Concern spreads about U.S. Navy sonar harm to dolphins

From ANIMAL PEOPLE, November/December 2007:
SAN FRANCISCO, TEHRAN–Ruling on behalf of the Natural
Resources Defense Council, a three-judge panel of the 9th Circuit
U.S. Court of Appeals on November 13, 2007 allowed the U.S. Navy to
finish a training exercise off the coast of California that was
already underway and was to conclude on November 22, but ordered the
Navy to reduce the harm done to whales by sonar anti-submarine
detection equipment before beginning a new exercise near the Channel
Islands in January 2008.
Eight other planned Navy exercises may also be delayed by the
ruling, reported Bob Egelko of the San Francisco Chronicle. “Three
anti-submarine exercises had already been held,” Egelko wrote,
“when U.S. District Judge Florence-Marie Cooper ordered a halt on
August 7, saying the Navy’s protective measures were ‘woefully
ineffectual and inadequate.’ She said the underwater sound waves
would harm nearly 30 species of marine mammals, including five
species of whales. Overruling Cooper on August 31, an appeals court
panel said she had failed to consider the need for military
preparedness.” But the 9th Circuit Court of Appeals panel reversed
the earlier panel.

The 9th Circuit verdict only superficially appeared to
support the claim of Sha’aban-Ali Nezami, head of the Iranian
state-run fisheries organization, that U.S. military activity caused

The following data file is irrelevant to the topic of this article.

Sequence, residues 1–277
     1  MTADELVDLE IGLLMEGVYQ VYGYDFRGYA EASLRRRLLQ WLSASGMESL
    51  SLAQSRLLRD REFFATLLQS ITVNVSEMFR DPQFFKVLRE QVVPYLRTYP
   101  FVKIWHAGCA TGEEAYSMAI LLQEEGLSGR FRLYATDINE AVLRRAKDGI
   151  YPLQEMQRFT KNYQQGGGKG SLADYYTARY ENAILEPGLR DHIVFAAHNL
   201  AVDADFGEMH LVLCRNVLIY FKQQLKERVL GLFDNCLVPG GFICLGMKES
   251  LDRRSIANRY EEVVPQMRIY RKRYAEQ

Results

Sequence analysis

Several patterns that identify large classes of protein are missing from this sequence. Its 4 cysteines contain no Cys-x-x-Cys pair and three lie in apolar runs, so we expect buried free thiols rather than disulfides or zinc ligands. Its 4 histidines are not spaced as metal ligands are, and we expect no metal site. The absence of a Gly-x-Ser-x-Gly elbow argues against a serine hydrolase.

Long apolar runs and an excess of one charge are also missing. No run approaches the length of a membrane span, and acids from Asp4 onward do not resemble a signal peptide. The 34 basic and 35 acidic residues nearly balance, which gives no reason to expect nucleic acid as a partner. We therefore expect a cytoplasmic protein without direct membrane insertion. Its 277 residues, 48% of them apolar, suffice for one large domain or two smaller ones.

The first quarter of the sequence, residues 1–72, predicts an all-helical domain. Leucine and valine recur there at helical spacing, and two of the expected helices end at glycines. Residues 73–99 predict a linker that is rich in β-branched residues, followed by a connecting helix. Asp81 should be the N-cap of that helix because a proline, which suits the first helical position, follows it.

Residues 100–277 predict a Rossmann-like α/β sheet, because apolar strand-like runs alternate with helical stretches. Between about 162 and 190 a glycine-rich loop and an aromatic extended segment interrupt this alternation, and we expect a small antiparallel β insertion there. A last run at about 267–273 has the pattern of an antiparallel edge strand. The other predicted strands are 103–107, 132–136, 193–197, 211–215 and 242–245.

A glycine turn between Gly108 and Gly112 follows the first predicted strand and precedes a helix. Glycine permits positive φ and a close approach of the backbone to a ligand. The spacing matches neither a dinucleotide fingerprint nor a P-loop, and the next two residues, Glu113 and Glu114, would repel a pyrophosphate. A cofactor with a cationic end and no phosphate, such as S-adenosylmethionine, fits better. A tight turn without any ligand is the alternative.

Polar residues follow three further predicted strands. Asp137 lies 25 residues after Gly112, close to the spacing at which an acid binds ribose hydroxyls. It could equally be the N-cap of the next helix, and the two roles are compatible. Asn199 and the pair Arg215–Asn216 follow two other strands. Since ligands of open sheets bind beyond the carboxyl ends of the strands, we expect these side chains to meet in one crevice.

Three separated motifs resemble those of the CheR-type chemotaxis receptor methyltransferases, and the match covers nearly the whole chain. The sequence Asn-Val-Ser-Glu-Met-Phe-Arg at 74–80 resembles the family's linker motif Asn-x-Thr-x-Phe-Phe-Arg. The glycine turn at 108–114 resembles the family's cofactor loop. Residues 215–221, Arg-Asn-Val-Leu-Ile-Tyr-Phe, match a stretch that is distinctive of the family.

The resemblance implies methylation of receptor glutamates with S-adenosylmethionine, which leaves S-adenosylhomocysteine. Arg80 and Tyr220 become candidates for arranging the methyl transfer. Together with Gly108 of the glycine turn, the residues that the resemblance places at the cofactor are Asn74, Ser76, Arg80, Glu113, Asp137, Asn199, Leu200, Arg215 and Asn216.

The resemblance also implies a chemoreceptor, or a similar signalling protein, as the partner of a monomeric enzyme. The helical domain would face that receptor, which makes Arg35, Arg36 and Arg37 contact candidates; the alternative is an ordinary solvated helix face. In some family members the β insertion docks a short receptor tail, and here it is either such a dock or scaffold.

the deaths of 152 dolphins who washed up in September and October
along the Iranian southern coast.
“Distressing pictures of rows of dead dolphins have appeared
in the Iranian media, alongside reports that they had ‘committed
suicide,’ wrote Guardian Tehran correspondent Robert Tait. “Nezami
told Iranian journalists that, ‘As these dolphins are not among the
species normally found in the Persian Gulf and Oman Sea, probably the
Americans brought them to carry out laboratory work. This group of
dolphins have not been able to tolerate the tests. The likely reason
for these deaths is water pollution, the spreading of
electromagnetic waves by military ships, or a kind of virus.'”
But tissue samples showed no sign of poisoning or pollution,
Tait wrote. The Iranian environmental protection agency “found
bruising on some corpses, arousing suspicion that the dolphins had
suffered violent blows,” in waters “rich in tuna and a site of
industrial-scale fishing.”
“We are basing our hypothesis on fishing,” said environmental
agency deputy chief of marine biology Mohammad Baqer Nabavi.

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